As this video from Cedar Wright shows (he’s more than dabbled in highlining!), slacklining is a great form of physical and mental training.  For any form of outdoor adventure.

I taught myself to slackline when I moved back to Iowa to finish undergrad: I spent the better part of a very snowy February and March flailing in approach shoes (it’s much easier barefoot) before I could consistently mount the line. In the end it’s like riding a bike, once the mental and biomechanical breakthrough moment occurs you’ll never forget how, just get rusty if you go a while without doing it.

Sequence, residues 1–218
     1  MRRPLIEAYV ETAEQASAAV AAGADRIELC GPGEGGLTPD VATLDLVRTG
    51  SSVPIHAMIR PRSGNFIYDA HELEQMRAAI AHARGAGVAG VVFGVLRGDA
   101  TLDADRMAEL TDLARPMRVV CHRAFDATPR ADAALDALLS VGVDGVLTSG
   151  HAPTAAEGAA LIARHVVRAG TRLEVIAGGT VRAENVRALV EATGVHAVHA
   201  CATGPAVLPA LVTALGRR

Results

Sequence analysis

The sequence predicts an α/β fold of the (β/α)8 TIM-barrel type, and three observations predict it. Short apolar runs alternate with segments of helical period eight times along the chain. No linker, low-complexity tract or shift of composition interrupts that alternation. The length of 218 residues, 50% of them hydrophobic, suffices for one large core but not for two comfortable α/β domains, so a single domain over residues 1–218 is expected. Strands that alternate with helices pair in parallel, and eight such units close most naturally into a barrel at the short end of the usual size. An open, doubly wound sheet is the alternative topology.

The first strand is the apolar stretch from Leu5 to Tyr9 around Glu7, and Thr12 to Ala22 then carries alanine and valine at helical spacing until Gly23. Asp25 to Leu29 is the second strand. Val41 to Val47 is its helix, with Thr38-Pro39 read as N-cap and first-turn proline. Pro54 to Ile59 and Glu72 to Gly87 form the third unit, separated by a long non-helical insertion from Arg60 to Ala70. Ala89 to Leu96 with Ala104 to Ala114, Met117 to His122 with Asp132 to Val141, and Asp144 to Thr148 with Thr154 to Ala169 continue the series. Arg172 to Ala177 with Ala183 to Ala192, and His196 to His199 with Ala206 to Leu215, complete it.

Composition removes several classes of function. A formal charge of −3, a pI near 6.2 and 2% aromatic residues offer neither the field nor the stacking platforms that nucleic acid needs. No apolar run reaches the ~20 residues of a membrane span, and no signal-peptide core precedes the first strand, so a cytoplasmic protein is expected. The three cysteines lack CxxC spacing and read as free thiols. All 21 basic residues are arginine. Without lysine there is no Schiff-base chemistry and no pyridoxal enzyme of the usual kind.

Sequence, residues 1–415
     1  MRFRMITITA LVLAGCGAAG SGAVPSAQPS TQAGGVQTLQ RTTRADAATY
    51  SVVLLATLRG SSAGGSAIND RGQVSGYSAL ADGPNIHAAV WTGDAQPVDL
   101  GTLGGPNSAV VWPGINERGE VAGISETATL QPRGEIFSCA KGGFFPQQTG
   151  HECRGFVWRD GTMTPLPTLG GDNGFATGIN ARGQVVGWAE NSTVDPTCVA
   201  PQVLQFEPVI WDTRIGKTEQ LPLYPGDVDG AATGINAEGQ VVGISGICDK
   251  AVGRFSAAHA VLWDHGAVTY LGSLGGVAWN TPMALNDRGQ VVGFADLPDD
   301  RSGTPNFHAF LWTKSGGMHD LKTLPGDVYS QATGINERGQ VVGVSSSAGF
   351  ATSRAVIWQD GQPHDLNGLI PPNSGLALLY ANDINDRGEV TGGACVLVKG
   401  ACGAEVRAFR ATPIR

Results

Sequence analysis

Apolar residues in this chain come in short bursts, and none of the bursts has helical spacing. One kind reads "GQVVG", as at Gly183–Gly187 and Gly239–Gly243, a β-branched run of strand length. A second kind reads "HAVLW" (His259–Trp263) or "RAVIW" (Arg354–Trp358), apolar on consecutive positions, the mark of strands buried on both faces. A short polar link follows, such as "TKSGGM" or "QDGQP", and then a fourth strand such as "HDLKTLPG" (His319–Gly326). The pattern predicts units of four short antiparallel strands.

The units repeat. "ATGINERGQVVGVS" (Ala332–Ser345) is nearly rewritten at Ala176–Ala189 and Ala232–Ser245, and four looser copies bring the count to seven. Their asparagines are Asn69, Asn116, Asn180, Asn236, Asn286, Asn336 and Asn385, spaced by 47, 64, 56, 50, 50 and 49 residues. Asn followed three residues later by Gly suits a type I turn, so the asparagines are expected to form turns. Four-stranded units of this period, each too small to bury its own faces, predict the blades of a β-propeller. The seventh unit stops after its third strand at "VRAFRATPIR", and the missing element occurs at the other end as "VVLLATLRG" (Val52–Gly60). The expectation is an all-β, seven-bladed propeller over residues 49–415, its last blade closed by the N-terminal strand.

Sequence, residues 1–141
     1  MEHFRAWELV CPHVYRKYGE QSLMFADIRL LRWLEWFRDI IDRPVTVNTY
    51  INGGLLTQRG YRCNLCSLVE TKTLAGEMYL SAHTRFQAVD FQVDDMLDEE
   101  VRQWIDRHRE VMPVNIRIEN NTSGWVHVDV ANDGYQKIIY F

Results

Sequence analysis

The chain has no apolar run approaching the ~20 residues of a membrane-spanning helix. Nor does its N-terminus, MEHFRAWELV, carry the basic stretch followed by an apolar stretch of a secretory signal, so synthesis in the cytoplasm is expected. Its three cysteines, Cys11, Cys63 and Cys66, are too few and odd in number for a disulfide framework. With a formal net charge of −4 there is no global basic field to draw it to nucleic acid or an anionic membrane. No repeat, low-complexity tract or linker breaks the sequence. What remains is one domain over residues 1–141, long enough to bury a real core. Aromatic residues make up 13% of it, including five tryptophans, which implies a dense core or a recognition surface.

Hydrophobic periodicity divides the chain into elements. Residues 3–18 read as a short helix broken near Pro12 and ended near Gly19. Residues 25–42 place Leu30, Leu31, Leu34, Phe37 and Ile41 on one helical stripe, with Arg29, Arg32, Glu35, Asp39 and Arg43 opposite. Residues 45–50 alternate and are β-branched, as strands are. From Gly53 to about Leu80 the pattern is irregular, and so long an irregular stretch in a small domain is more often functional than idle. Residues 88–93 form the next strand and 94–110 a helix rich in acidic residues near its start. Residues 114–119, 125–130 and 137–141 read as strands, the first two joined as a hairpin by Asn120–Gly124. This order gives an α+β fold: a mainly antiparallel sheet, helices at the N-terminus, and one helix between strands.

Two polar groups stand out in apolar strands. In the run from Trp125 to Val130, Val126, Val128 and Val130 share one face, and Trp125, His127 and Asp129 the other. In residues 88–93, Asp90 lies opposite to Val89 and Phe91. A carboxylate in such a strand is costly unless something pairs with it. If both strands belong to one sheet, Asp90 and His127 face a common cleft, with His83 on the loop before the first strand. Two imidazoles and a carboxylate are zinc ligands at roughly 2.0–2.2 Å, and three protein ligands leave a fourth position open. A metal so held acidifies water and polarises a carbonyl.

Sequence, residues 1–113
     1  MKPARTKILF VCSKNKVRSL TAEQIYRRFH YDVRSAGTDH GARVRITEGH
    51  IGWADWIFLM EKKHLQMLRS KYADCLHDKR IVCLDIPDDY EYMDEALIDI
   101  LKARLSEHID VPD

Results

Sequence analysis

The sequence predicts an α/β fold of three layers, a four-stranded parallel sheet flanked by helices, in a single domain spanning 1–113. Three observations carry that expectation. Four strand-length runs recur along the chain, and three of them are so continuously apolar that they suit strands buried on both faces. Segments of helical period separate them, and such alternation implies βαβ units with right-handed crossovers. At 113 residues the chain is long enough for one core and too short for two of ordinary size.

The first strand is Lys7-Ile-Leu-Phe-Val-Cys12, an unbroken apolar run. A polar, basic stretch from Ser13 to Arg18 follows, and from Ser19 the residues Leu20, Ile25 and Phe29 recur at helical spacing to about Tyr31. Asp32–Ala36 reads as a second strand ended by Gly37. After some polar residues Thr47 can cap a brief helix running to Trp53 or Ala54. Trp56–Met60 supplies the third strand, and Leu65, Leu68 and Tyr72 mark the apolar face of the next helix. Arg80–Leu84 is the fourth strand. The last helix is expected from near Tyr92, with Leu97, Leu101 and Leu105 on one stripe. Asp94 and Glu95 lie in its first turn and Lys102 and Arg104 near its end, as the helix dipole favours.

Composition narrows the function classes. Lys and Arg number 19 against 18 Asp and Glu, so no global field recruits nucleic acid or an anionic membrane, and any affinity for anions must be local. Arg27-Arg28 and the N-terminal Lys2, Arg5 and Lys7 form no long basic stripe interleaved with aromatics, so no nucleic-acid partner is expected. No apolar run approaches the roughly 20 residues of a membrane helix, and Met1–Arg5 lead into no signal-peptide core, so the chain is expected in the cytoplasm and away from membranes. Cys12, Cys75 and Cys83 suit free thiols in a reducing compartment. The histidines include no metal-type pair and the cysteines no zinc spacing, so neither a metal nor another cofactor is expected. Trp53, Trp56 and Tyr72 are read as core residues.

A 25 or 30 foot line is the best to learn on. Too tight or too slack are both harder than a rig just in the middle. All you need is 40′ of 1 inch tubular webbing (thinner stuff stretches more, an advanced trick), a few locking biners, two stout trees, and a basic understanding of rigging. Hint: tie knots that are easy to get undone (butterflys).

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